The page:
Telstra has said it "never wants to have to say sorry" to its customers for a poor network experience, and is aiming to attain greater network efficiency through LTE-Broadcast (LTE-B) as it works towards 5G.
According to Telstra director of Networks Mike Wright, speaking at Mobile World Congress (MWC) on Wednesday, if telecommunications operators don't evolve and improve the way that customers are able to consume media and video on their devices, there will be a compromise in network quality.
To solve this problem, Telstra earlier this week announced that it will be deploying an LTE-B network across Australia by 2018, which shares cell width with users all consuming the same media source, but without setting aside capacity permanently.
"It only turns it on when people are using it, so it's a fundamental thing that shifts the business case and the efficiency of LTE-Broadcast ... it's not a product, it's an efficiency tool," Wright explained.
"Say you had hundreds and hundreds of users in a cell all trying to talk to each other, everybody hears the same stream, but in the way it works today, they all individually get a stream and that pretty soon consumes a whole cell; LTE-B allows us to send the one bit of data to everyone at once ... instead of using the whole cell's capacity, we just set aside a little; it means the rest of the cell's there for everybody who wants to use it.
"We're looking at the future, because we don't want to be in a world where we have to say sorry."
Wright told ZDNet that Telstra has already activated its LTE-B network in Sydney and Melbourne out to 5 kilometres, and that it ensured during its 4G network rollout that every cell would be capable of the broadcast technology once Telstra decided to switch on LTE-B.
Telstra will now simply progressively activate the LTE-B network across Australia.
"We're using that [activated network in Sydney and Melbourne] with our product colleagues and the engineers to really understand it in greater detail, because there's some incredible benefits that come from LTE-B in terms of the edge of the cell," Wright told ZDNet.
"That will go into how the product team position and create the products that utilise that technology."
Wright also pointed out that LTE-B is about more than simply video consumption or accessing the network during a highly attended sports event; earlier this week, Telstra revealed that it enabled push-to-talk calls via its LTE-B network for public safety applications.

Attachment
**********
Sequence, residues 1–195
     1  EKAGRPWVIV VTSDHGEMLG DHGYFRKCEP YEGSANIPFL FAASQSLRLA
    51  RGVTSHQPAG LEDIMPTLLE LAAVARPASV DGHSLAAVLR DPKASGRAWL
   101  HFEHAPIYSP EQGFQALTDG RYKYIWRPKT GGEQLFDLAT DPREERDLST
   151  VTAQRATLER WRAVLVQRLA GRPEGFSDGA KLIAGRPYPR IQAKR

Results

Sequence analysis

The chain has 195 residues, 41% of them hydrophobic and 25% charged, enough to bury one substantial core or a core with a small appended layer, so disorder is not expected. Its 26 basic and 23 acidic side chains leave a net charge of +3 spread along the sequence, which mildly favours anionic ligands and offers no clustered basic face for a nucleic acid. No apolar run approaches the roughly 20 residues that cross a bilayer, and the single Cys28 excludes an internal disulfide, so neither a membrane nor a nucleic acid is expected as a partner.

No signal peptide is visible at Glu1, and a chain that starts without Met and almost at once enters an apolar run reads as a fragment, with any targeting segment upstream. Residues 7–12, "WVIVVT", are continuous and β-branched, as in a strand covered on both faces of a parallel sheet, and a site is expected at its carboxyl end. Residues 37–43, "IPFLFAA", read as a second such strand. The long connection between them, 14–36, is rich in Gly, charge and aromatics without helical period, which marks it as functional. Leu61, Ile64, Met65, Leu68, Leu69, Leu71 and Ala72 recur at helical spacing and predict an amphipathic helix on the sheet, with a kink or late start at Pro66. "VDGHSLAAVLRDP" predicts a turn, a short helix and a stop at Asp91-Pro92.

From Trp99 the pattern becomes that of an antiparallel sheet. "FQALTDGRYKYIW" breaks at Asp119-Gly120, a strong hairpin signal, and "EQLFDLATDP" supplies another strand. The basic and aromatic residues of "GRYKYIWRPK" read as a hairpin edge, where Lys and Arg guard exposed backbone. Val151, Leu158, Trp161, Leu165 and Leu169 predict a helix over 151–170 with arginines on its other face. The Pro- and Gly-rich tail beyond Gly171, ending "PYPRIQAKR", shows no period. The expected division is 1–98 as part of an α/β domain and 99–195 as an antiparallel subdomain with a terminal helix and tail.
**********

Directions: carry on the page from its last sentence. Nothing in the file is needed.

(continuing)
"It's not just about stadiums, it's not just about watching video; you can do things like preposition software," he said.
"One of the announcements we did was with Motorola, Ericsson, and Qualcomm, where we did the world's first mission-critical push-to-talk call using LTE-B, and that's for emergency services applications."
Telstra will also use its LTE-B network for media content delivery, with the telco earlier this week announcing a trial of this solution in partnership with Ericsson and 21st Century Fox.
"The 21st Century Fox demonstration and trial we're planning is about raising the bar and fundamentally shifting the way you consume media at great quality," Wright explained.
"It will be tied pretty well with when we go live with the LTE-B technology and product set, so we'll turn the enabler on and then start to add solutions that go on top of it," the head of networks told ZDNet.
"From later this year, people will start to see momentum."
With 5G also a hot topic during MWC, Telstra CEO Andrew Penn said the industry is finally starting to see development toward actual uses of the network technology, which is driving further innovation.
"We've seen traction around what 5G innovation is, and then also what the use cases and particularly how 5G is going to make a difference and facilitate lots of different sort of applications," Penn said on Wednesday morning.
"Our vision to be a world-class technology company that empowers people to connect is really borne out of this understanding that the worlds of technology and telecommunications are converging, and so in the context of that, we seek to be advocating that but also demonstrating that through some of the things we're doing with partnerships with people in the ecosystem."
During MWC, Telstra announced that it would be undertaking 5G new radio (NR) trials with Ericsson and Qualcomm.
Telstra and Ericsson also used MWC to announce an expansion of its optical network and the rollout of a Cat M1 Internet of Things network across Australia, and revealed that its virtualised network is carrying live video calling ahead of broadcast media.
In spite of the myriad joint announcements with Ericsson, however, Wright told ZDNet in response to a question about whether it is interested in Nokia's 5G First platform that Telstra is still looking into every networking vendor's solutions.
"We look at every vendor and every technology choice, and usually there is an inflection point when there's a change in technology, so we've spent plenty of time with all the vendors and we'll make a decision at the time we have to make a commitment commercially," Wright told ZDNet.
"But we obviously work with Ericsson because they're the one we have in our network and we can do those tests and trials with them when we need to ... but we also need to understand what the other vendors are capable of as well.
"Frankly, to date Ericsson have shown that they're on a pretty good track and we'll just see how things unfold when we get towards 5G."